If you’ve looked at a calendar recently, you know that the year is drawing to a close. Before you run out of year, it’s a good time to make a few financial moves. The right actions now could mean a better financial start to the coming year. Here are 7 financial moves to make before the end of the year:
- Run a rough estimate of your taxes
Do you have an idea of what you will owe next April 15? “The first thing I recommend to everyone is to run a rough estimate of your taxes,” says Kate Horrell, a finance educator and writer at KateHorrell.com and Military.com. She points out that understanding where you’re at can provide you with a starting point as you plan the rest of your year-end moves.
Additionally, you can get an idea of where you stand in terms of whether you will be able to pay your bill. Compare what you expect to owe with what you have paid so far (a pay stub should provide year-to-date information on taxes paid). If it looks as though you are going to owe, now is a good time to start setting aside a little extra each month so you aren’t scrambling around later.
- Review your current year
Now is a good time to see how you’ve done this year with your financial plan. “My husband and I normally start our year-end review between October and November,” says Shareeke Emead-Nesi, the CEO of The Conscious Spender. “We look at how our investments are doing, and decide whether we should sell anything.”
Emead-Nesi also takes a look at spending categories from the past year. She looks at whether she needs to adjust expectations for spending in certain categories. “Review your transactions, and make sure you understand any that aren’t categorized,” she suggests. That way, you’ll be able to figure out how to proceed next year.
- Plan what you want to do next year
Emead-Nesi also looks at what she wants to do in the upcoming year, identifying major life events that might come up. She and her husband are thinking about having another child, and they are considering whether or not to put their daughter in a private school. “We research costs and trends, and try to figure out what we need to do in order to meet our goals for the coming year.”
Take the time now to consider what you want your life to look like in the coming year (and determine whether or not it’s realistic), and you can begin making plans right now so that you can hit the ground running in January.
- Clear out your house and donate to charity
“Take advantage of tax deductions on charitable goods donations,” suggests Horrell. If you are moving, or if you just want to clean out the clutter, now is a good time to do so. You can deduct the market value of charitable donations in good condition. You need to get a receipt for the items, though.
You can also make other charitable donations this time of year. If you are looking for more itemized deductions, it can make sense to give cash donations to charity, or to increase what you are giving to your church.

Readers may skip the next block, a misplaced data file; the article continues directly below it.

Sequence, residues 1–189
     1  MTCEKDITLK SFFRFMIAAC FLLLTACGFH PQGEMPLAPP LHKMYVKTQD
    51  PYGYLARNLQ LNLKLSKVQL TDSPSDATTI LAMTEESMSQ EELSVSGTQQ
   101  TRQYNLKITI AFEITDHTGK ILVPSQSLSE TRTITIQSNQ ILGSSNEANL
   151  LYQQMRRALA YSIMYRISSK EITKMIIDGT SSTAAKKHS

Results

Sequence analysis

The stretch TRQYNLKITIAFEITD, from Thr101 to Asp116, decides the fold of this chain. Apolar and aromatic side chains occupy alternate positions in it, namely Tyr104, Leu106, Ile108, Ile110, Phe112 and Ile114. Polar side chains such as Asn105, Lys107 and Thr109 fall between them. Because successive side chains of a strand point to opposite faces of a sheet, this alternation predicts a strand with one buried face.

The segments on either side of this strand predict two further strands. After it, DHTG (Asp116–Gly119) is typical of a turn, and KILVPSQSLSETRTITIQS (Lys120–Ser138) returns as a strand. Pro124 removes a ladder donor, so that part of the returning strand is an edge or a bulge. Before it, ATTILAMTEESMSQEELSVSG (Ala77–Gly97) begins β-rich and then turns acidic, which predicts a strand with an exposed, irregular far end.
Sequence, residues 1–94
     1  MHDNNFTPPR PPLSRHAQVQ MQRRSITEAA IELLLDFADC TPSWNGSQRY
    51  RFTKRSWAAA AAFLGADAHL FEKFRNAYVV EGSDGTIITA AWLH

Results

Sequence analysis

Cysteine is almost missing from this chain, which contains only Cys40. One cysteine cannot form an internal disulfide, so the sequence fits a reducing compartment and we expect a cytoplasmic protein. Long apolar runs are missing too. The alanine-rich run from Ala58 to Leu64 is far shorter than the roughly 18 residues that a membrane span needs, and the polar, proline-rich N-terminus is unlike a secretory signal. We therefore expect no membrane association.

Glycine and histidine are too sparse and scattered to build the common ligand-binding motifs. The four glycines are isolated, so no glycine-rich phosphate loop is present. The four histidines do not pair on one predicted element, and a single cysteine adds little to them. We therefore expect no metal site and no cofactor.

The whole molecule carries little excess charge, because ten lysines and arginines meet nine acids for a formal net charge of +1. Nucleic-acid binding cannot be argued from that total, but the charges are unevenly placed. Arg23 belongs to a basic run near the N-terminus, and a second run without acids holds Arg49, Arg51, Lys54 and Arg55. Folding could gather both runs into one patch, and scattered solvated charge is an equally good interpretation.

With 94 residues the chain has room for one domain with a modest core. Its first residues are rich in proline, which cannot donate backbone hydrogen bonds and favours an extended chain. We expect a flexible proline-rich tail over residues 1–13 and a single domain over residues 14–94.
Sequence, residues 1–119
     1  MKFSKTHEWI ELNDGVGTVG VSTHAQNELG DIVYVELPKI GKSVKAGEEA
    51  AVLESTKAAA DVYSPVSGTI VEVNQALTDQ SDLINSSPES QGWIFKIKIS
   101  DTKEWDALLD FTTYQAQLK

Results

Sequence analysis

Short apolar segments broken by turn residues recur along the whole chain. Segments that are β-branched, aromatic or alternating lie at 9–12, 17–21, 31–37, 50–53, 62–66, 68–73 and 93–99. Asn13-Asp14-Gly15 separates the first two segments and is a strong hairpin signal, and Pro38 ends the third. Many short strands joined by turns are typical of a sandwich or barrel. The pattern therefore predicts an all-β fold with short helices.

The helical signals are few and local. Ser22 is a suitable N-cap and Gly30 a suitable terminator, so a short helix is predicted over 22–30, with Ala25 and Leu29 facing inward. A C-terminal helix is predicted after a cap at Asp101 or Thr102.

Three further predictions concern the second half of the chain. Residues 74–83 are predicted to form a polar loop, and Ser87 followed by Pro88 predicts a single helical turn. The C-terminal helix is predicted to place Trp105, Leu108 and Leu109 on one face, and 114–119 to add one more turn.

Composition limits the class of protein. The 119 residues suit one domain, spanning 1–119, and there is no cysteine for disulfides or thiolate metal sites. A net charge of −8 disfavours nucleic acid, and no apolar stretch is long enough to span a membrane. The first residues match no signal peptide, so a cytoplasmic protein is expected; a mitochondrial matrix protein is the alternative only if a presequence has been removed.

- Increase your retirement account contributions
This is another good way to get an extra tax deduction while boosting your future. “I found that my husband would be $400 short of maxing out his IRA this year,” says Horrell. Now, she can plan to add more to the retirement account.
You can also use this reasoning for your 401(k) or 403(b). At the very least, review your company’s match program, if applicable. Make sure you are getting the maximum match, and consider adjusting your retirement contribution so that you aren’t leaving free money on the table.
Horrell also suggests looking into other retirement planning options. “If you have a small business on the side, you might be able to open a SIMPLE IRA or a SEP IRA.
Don’t forget about Health Savings Accounts. Your HSA (if you qualify) provides you with a tax-deductible contribution, and it allows you to grow your money tax-free for the future. It’s another retirement supplement that can be used, if you plan it right.
- Tax harvest investment losses
Emead-Nesi and her husband use the last couple of months of the year to review their investment performance. When it comes to equities in taxable accounts, they decide whether it makes sense to cut some of their losses. They can sell for a loss, and then receive a tax deduction for those investment losses.
Consider your portfolio. You can use investment losses to offset capital gains, as well as up to $3,000 in other income each year.
- Use the money in your FSA
If you have a Flexible Spending Account, now is the time to make sure you are using the money. While recent laws make it possible for you to carryover a small amount in your account in some cases, by and large it’s still a “use it or lose it” proposition. Find out how much you have left, and schedule eye doctor and dentist appointments, as well as buy qualified medical equipment that you might need.
With a little planning now, you should have just enough time to close out the year right, and prepare financially for the new year.